September 1952


Author Affiliations

From the Department of Surgery, Washington University School of Medicine.

AMA Arch Surg. 1952;65(3):417-421. doi:10.1001/archsurg.1952.01260020431009

FROM THE care and study of a large group of patients with hemangiomas of wide variety in location, duration, former treatment, pathology, requirements for treatment and presenting of many problems of repair of destructive processes, surgical removal, and radiation lesions, observations thought to be of importance are outlined.

Bright-red arterial hemangiomas require careful and prompt treatment in most instances. These bright-red growths occur early in infancy and are possibly true neoplasms, whereas purely congenital types, such as port-wine stains and the bluish cavernous lesions, are possibly anomalies of formation of the skin, or the vessels, or both. These usually do not take on neoplastic tendencies, except occasionally later in life.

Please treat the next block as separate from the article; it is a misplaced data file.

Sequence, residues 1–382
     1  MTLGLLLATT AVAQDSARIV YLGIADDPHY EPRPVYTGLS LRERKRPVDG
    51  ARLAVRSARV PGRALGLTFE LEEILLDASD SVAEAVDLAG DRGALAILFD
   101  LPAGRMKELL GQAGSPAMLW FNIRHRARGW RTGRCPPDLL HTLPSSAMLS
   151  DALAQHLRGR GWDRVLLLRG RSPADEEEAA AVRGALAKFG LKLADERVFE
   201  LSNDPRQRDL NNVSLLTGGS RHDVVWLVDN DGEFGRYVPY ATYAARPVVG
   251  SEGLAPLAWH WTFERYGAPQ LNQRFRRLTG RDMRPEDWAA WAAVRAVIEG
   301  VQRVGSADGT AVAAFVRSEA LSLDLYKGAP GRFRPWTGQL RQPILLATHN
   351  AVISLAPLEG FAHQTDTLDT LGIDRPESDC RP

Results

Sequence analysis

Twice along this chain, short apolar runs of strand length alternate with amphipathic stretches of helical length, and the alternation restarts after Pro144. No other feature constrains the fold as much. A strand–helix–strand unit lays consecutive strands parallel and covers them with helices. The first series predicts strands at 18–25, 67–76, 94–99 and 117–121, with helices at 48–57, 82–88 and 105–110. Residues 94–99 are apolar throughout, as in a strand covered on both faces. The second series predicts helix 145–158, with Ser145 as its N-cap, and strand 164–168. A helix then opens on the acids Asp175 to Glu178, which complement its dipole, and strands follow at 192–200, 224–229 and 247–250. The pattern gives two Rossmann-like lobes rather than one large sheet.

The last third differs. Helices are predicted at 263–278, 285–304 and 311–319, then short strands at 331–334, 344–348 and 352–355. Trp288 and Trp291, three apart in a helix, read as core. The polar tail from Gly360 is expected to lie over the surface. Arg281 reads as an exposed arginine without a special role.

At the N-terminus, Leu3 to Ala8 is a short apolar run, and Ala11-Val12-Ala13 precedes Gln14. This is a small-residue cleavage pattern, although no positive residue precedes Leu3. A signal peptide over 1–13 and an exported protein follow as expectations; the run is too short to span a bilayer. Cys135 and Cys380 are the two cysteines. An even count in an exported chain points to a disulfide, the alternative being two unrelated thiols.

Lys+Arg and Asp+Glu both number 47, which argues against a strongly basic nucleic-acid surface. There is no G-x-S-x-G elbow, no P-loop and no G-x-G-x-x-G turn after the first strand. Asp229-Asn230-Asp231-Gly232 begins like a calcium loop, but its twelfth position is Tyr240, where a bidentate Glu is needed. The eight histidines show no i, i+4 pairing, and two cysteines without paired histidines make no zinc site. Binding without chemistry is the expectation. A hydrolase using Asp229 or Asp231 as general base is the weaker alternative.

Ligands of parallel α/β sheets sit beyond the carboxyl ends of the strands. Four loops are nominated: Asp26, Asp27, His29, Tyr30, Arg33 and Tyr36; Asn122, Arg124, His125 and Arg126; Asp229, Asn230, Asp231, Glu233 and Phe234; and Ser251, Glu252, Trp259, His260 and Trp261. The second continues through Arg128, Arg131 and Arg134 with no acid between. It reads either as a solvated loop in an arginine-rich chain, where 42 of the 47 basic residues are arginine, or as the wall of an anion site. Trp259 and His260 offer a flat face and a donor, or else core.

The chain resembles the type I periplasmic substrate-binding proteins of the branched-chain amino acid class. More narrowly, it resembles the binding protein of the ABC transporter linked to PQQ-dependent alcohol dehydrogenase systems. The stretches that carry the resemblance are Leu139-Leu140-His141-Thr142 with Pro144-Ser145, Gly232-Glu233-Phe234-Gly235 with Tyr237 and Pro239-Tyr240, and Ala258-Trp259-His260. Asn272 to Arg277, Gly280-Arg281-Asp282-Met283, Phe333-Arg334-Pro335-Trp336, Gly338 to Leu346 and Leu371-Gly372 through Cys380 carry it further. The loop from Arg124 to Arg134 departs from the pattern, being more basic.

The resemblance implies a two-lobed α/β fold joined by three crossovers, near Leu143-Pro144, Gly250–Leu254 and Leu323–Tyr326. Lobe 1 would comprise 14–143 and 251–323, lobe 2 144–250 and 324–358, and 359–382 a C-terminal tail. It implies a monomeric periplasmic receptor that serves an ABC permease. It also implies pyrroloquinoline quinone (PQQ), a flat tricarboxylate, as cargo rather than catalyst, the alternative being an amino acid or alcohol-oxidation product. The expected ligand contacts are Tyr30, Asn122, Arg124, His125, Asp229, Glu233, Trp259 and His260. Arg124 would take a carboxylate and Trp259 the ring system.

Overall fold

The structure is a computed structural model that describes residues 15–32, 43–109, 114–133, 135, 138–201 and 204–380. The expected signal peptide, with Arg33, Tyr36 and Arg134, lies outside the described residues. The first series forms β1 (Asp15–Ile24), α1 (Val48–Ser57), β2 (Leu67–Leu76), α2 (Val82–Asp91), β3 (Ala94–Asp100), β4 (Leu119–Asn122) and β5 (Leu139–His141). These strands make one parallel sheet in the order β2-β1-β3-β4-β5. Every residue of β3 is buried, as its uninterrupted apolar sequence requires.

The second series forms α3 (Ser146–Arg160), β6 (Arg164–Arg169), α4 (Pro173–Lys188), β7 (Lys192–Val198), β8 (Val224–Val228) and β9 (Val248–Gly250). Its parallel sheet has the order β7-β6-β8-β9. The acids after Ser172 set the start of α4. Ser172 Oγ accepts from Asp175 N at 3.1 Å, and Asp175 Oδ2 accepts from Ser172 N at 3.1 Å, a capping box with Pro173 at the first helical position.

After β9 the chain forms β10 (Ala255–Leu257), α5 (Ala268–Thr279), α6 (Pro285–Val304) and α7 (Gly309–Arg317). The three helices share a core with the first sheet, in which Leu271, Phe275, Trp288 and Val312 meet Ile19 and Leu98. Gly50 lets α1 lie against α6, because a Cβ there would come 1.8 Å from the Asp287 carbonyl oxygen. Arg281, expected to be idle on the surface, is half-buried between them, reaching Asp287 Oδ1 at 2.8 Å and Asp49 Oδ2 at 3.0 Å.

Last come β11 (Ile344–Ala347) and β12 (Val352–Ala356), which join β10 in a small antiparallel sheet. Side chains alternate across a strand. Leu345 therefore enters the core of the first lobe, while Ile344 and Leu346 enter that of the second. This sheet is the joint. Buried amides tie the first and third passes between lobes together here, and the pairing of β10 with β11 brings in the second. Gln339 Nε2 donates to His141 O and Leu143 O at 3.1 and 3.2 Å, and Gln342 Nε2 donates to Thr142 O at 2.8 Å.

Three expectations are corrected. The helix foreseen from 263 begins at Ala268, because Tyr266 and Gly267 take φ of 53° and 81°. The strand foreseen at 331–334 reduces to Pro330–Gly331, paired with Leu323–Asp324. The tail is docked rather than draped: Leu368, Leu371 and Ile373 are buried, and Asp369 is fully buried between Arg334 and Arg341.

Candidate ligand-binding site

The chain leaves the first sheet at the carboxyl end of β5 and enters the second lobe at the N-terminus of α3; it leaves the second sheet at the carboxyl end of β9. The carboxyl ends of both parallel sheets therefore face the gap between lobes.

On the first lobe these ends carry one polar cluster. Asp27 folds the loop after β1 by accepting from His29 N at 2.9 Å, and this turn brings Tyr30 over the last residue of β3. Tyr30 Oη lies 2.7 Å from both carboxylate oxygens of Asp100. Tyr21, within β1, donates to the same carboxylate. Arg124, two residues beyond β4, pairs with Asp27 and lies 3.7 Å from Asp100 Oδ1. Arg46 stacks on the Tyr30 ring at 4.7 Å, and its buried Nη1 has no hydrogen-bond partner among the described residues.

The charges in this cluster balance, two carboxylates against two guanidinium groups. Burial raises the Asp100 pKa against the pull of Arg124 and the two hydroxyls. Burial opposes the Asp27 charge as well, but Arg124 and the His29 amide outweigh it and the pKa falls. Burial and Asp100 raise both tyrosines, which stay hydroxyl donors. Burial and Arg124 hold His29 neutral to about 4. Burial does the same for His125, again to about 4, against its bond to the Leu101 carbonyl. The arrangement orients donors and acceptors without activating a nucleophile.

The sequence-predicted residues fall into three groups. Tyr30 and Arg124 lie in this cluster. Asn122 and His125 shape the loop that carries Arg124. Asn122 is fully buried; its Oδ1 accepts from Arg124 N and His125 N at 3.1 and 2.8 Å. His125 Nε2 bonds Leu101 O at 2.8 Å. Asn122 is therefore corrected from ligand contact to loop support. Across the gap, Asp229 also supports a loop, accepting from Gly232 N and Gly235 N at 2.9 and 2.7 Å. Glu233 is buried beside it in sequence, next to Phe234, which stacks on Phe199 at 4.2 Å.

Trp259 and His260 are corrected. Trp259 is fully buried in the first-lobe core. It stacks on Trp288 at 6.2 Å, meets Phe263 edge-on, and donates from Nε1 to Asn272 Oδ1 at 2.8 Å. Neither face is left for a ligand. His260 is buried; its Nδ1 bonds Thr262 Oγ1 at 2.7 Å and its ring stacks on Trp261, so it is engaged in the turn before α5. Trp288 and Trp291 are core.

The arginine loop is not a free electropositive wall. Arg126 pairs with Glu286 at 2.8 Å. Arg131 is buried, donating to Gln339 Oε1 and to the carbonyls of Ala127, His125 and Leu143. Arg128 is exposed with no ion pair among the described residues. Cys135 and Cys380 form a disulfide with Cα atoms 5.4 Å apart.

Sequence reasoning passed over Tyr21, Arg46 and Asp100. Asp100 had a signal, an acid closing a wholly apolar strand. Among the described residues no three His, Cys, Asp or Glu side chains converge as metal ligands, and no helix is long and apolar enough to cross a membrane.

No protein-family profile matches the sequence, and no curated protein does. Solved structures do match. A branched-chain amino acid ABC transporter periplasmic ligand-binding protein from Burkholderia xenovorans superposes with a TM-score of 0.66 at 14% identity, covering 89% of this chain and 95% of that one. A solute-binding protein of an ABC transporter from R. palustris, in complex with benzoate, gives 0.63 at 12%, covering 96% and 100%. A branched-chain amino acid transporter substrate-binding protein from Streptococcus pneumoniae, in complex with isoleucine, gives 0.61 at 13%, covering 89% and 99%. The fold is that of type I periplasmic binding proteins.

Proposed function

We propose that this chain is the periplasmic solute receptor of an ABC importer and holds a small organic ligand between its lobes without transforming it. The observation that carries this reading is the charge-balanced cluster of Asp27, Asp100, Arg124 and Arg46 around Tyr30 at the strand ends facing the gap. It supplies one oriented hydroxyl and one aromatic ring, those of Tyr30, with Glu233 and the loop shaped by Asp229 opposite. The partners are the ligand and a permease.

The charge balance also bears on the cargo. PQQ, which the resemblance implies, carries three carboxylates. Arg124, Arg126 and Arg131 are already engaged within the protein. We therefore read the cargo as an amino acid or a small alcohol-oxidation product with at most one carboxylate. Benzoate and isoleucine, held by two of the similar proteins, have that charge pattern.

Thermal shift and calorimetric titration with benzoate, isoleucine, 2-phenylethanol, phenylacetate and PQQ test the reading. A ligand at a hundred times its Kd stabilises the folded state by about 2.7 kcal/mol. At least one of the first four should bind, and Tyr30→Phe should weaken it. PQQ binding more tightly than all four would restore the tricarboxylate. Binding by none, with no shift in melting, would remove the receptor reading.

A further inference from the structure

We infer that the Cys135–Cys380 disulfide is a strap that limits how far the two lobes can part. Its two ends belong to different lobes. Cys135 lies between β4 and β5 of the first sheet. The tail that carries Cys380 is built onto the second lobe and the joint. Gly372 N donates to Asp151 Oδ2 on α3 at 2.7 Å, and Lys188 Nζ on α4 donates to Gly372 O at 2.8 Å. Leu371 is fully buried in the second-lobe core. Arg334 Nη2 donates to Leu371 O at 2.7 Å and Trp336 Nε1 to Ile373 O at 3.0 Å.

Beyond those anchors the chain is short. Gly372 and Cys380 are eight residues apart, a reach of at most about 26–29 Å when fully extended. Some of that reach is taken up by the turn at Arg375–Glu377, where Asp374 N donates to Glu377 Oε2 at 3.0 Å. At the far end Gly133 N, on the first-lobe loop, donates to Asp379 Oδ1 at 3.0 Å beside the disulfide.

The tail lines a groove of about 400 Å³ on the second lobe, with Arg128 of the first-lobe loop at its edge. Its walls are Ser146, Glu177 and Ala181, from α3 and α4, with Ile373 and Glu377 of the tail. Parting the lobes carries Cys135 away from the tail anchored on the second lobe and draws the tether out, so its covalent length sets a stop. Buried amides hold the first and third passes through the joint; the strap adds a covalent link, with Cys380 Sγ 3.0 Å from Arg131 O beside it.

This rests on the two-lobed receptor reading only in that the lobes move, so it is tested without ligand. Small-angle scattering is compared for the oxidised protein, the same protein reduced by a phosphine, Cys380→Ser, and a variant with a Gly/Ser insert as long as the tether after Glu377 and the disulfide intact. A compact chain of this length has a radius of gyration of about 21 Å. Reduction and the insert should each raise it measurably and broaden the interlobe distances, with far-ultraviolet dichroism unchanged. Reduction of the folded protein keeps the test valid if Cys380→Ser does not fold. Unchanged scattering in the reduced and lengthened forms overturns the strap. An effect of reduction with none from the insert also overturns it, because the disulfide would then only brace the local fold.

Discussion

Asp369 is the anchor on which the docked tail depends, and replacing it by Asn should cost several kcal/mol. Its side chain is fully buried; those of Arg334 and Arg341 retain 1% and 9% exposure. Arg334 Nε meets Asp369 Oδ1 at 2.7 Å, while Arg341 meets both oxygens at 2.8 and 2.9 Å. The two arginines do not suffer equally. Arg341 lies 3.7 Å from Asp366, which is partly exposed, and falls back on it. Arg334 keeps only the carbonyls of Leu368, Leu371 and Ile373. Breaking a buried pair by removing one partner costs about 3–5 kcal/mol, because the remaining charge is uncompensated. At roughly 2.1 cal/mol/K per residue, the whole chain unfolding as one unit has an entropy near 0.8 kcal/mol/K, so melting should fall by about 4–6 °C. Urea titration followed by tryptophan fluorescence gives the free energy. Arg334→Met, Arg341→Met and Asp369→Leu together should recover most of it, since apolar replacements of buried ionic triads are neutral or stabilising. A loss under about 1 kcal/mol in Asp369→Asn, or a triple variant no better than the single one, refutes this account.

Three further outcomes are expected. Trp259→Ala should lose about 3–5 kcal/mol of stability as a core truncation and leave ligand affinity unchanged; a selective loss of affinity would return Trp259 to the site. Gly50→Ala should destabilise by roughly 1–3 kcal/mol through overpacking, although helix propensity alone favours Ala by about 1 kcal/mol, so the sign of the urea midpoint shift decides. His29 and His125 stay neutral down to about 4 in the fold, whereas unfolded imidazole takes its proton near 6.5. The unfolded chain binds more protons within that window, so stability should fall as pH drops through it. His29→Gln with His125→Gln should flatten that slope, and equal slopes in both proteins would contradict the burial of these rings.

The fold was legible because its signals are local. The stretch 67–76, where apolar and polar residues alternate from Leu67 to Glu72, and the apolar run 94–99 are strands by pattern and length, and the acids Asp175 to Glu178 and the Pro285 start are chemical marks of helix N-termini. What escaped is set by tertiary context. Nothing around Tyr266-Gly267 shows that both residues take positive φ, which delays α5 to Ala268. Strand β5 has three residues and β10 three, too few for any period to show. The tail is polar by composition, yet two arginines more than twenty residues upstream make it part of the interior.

These bright-red growths usually start as small areas and may increase rapidly in size, so that a whole feature of the face may be destroyed while some plan of "wait and see" is being followed or hope of retrogression is

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